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medication demonstrated any clinical
benefits from taking it.
The report also found that these
medications can have a range of
serious side effects, including
increased risk of stroke, increased risk
of mortality, a greater chance of falls,
and increased confusion.
Southern Cross Care (NSW & ACT)
Chief Executive Paul McMahon said
the organisation had identified the need
for better management of behaviours
of people with dementia without the
reliance on antipsychotic medication.
“ We also realised the need to educate
our staff and health professionals, such as
GPs, on eliminating high dependency on
medication and improving outcomes for
our residents with dementia,” Paul said.
Alzheimer’s Australia NSW CEO The
Hon. John Watkins said the short film
was a positive step towards supporting
GPs, pharmacists and other healthcare
professionals working with people with
dementia, both in care homes and in
the community, with how best to deal
with the behavioural and psychological
symptoms of dementia.
“T his really emphasises the
importance of a partnership between the
family of the person living with dementia,
their treating doctor, their pharmacist and
their care staff,” John said.
“It provides the evidence-base
for the review and deprescribing of
antipsychotic medications. The first line
approach should always be to look and
see if there are non- pharmacological
approaches that may work better.”
Margaret Wood, daughter of a resident
at Southern Cross Care (NSW & ACT),
spoke of her experience visiting her
mother who has dementia.
“Mum was put on a drug which made
her very sleepy and her speech garbled,”
“She was also depressed and talked
about wanting to die. When mum was
taken off the medication she started to
improve. Her speech got better, and she
was eating more. She recognises us
most of the time and she is bright and
cheerful. It is so nice to visit her now.”
Dementia and Our Mob is just
one of AlzNSW’s community
dementia awareness projects.
AlzNSW had the privilege
of successfully piloting the
program with 35 Indigenous
people from the Gloucester
and Armidale regions.
This program contains
culturally appropriate and
concise ‘what you need to
know’ information about
dementia, providing a short
45 -minute interactive starting
point for communities.
This program has been
developed through extensive
consultation with both
regional and urban Indigenous
communities in NSW to
identify information gaps
and learning needs.
Key findings show that while
Indigenous communities are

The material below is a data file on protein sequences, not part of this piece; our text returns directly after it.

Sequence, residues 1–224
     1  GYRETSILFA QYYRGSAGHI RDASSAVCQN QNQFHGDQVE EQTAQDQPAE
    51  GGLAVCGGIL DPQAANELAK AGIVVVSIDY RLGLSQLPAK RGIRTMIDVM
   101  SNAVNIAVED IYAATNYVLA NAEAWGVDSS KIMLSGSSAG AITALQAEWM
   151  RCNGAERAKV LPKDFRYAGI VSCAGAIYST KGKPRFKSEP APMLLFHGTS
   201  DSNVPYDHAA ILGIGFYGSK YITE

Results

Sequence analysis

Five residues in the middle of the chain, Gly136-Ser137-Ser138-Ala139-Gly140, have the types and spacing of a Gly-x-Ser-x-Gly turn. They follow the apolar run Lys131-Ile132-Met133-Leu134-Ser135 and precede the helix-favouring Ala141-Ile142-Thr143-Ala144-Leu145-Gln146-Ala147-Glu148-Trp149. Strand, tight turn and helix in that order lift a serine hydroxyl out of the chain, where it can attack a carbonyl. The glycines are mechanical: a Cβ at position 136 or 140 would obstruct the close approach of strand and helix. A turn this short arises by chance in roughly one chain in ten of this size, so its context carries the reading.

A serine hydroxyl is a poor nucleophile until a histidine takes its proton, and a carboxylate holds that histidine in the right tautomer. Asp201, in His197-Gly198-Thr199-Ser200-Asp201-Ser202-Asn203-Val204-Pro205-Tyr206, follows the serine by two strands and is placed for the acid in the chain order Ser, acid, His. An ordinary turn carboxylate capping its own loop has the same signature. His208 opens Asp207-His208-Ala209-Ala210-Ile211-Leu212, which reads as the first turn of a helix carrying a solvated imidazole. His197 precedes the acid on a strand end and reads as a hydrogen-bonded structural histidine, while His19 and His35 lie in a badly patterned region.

aware that dementia exists,
they don’t understand what it
is. Many people are not aware
of their local dementia referral
and support pathways, and
are not engaging with service
providers due to a combination
of factors, including a fear
of being removed from their
homes and lacking support
Recent research has identified that antipsychotic medication is used too frequently, and
for extensive periods of time, to manage behavioural and psychological symptoms of
Dr Henry Brodaty, Director of the Dementia Collaborative Research Centre,
presents the evidence base to support the use of non-pharmacological
interventions, person-centred activity and pain therapy as a first line
approach in BPSD management. Dr Brodaty identifies situations when
antipsychotic medications are appropriate, and a number of behaviours
where antipsychotics would have no effect.
The numerous short-term and long-term side effects, assessment and conditions to
monitor for in the patient are clearly explained, including appropriate review and
Dr Julian Pierre, a GP who visits a number of aged care homes, discusses the effect
antipsychotic medication has on his patients, with a 12-week review, and a plan to
deprescribe the medication when the BPSD is managed.
Tim Perry, a consultant pharmacist, discusses how a revised medication management
review (RMMRs), for people that reside in care homes, can be used to support a
deprescribing plan. Tim also explains the benefits of Home Medicine Reviews (HMRs)
for people who live at home.
The video highlights the benefits of a collaborative approach towards the deprescribing
of antipsychotics that involves the patient, family, care staff, doctor and pharmacist.
Acknowledgements: Alzheimer’s Australia NSW would like to thank everyone involved
with the development of this film. This project was supported by financial assistance
from Southern Cross Care NSW/ACT, Alzheimer’s Australia NSW and AMA NSW.
Alzheimer’s Australia NSW respectfully acknowledges the Traditional Owners of the
land throughout Australia and their continuing connection to country. We pay respect to
Elders both past and present and extend that respect to all Aboriginal and Torres Strait
Islander people who have made a contribution to our organisation.
The National Dementia Helpline T: 1800 100 500, is an Australian Government Initiative.
© Copyright - Alzheimer’s Australia NSW 2014
Content may be copied in full with copyright, contact, creation and information intact, without specific permission, when
used only for non-commercial or not-for-profit purposes. If any other use is desired, permission in writing from Alzheimer’s
Australia NSW is required. Requests and inquiries concerning reproduction and rights should be addressed to Alzheimer’s
Australia NSW, PO Box 6042, North Ryde, NSW 2113 or you can email us on: E: NSW.Admin@alzheimers.org.au
A free resource for healthcare professionals working with
people living with a diagnosis of dementia.
You can watch the video
waTch The video
the short film
Dr Julian Pierre
(GP) and tim
discuss the challenge
for people with
dementia and look at
Participants of the Dementia and
our Mob pilot program found
out essential information about
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